That and you become...a content writer’s living nightmare.
#3 Be patient...
I understand – businesses are chaotic, most people want things to be done yesterday and we are always on the run. It’s not a reality of the content writing industry exclusively, it’s a reality of our day-to-day lives. However, unfortunately, when it comes to writing, rushing it makes it worse, it’s a recipe for disaster.
Don’t ask a content writer to come up with 7000 words a second because we’re not competing in a marathon. And Google is currently smart enough to detect and sanction sub-par, stuffing content that looks and reads like it was done on a conveyor belt. It doesn’t help you and it doesn’t help us either, believe me.
Instead, have faith that, if you’ve chosen a professional, he knows what he’s doing, even if it takes a little more time than you expected. Communicate permanently to ensure that your expectations are met and remember that writing is just one part of the process – content writers can spend minutes, maybe even hours on end researching, doing SEO optimization (if needed) or asking for further clarification from the client...and all of that is separate from the text of the article itself.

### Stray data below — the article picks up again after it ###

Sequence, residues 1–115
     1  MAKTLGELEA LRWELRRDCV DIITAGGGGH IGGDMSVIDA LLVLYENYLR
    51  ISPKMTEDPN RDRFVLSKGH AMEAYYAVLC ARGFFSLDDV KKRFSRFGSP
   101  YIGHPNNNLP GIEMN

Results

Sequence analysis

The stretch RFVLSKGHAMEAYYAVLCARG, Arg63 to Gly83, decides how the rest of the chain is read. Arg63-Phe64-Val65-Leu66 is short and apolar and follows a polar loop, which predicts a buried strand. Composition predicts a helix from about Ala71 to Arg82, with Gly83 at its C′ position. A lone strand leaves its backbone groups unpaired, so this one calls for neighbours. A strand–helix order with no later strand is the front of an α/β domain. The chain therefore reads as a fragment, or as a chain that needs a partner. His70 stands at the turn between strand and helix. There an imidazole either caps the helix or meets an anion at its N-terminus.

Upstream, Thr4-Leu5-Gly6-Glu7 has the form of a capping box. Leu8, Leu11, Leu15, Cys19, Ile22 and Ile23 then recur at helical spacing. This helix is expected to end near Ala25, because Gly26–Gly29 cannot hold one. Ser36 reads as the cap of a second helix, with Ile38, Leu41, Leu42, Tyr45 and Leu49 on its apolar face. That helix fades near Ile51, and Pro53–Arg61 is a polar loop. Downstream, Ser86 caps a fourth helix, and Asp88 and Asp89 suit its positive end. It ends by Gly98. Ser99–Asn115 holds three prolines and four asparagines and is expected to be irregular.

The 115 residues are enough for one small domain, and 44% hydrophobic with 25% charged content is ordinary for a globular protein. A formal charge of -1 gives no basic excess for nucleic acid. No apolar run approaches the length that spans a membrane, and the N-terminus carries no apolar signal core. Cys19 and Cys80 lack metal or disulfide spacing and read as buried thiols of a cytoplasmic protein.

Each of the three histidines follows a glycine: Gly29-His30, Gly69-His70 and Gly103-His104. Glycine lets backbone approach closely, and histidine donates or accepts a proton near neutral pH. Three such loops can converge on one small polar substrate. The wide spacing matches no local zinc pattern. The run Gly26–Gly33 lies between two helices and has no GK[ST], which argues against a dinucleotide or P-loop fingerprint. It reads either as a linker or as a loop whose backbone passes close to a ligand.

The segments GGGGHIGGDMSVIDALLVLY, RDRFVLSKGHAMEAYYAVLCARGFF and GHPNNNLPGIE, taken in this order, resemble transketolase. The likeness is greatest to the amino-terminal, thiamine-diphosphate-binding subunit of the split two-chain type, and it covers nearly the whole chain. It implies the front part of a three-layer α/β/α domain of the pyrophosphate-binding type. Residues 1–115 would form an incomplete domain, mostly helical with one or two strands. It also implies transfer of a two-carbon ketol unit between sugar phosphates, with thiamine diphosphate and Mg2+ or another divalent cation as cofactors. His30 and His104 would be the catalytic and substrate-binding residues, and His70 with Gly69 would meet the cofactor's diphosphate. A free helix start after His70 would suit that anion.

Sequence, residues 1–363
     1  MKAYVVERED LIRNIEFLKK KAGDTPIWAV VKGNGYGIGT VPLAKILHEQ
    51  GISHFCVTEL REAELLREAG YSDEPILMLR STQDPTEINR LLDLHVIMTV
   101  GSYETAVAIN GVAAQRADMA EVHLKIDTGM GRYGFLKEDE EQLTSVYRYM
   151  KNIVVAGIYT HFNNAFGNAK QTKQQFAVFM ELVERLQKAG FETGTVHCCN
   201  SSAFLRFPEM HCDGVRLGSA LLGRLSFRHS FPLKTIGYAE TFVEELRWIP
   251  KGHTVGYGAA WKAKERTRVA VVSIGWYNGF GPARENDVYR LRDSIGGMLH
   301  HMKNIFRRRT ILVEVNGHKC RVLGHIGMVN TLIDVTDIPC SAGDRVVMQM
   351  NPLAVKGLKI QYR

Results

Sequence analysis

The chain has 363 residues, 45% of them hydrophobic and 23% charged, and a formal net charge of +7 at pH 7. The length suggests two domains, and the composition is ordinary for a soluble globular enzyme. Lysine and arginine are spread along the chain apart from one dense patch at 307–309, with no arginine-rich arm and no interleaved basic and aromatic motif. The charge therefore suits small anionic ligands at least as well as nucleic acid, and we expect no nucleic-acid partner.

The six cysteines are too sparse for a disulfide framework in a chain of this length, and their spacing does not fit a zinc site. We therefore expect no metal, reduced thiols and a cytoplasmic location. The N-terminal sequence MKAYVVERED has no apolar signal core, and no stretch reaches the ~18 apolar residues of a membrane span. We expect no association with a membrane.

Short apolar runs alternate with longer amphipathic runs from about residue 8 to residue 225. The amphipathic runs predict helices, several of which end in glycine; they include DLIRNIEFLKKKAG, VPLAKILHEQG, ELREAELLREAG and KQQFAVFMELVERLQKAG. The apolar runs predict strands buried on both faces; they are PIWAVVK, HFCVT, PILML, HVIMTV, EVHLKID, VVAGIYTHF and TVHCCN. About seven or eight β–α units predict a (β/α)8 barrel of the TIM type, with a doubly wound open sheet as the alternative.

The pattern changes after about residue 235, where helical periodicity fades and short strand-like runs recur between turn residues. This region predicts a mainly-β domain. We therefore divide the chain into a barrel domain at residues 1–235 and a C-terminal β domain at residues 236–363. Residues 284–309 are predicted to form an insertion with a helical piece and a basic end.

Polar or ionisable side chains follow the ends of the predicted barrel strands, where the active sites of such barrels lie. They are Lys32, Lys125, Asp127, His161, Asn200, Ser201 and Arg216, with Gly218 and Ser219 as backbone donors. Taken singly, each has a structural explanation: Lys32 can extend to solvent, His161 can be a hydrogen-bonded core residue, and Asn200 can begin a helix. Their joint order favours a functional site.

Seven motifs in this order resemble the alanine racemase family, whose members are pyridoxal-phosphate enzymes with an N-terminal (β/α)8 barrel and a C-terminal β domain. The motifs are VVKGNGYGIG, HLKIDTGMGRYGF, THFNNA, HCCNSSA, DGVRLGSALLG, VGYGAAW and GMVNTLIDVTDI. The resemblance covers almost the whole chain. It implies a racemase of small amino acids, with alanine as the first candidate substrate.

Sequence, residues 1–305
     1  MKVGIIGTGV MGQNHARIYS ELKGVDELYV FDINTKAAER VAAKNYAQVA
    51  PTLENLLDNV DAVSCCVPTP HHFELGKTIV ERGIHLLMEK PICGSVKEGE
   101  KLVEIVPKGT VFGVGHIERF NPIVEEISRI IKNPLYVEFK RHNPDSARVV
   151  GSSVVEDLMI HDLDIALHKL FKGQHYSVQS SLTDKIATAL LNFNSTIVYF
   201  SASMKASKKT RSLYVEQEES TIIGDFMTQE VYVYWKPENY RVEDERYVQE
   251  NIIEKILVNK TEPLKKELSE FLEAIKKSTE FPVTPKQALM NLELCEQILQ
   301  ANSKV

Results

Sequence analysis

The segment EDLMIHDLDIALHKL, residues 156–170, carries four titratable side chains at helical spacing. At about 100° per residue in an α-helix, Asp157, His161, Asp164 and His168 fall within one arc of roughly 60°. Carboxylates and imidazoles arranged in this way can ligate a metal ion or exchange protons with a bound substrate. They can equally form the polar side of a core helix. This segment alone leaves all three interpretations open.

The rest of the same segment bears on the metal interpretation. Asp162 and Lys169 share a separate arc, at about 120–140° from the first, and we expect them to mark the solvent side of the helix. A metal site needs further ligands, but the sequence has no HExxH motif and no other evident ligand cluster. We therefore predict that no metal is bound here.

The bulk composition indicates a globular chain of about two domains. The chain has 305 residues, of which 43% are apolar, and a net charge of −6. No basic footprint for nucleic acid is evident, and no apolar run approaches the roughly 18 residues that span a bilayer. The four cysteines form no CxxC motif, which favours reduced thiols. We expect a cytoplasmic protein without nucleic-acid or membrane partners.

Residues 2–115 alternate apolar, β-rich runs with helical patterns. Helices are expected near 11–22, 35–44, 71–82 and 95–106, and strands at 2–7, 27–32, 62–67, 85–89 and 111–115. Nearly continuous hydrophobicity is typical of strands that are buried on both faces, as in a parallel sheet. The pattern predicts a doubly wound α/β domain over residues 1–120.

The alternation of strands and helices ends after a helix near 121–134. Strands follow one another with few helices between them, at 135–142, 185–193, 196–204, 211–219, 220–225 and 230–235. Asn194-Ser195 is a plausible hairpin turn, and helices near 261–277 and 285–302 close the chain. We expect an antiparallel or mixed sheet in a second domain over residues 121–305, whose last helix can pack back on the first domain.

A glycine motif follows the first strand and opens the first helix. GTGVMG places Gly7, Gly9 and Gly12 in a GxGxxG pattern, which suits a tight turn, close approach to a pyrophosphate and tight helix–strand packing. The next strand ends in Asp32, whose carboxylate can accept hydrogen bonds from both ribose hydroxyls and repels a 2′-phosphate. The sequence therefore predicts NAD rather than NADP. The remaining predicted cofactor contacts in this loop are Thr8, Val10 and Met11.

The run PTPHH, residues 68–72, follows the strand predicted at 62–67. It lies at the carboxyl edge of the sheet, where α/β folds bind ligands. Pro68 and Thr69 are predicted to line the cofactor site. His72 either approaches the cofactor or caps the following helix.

#4 Give him feedback
Whether you’re a Romanian Content writer or a foreign one, you most definitely know how important it is to be given an opinion, some swear words, an insult, anything. And, as a client, it’s good to offer any feedback. However, here’s the kicker – it also matters how you do it in order to have successful collaborations.
If you’re unhappy with an article, explain to the writer what wasn’t okay, with solid arguments, without subjectivity (as best as you can, I know it’s an industry where subjectivity is bound to occur but at least try), give him suggestions for improvement and constantly communicate.
I repeat – under no shape or form should you reprimand him for making a mistake WITHOUT providing arguments, even more so if you haven’t accurately communicated your expectations to the content writer beforehand. Feedback helps us tremendously – if a content writer doesn’t want to receive it at all, then that’s a problem, too and it’s on him.
I believe that no one is born an expert and there is always room for improvement, which is why I invite you to leave a comment, some swear words or any other suggestion down below.
May your letters always be inspired, if you’re a Romanian Content writer and good luck finding the best collaborations if you decide to work with one! Keep on kicking on!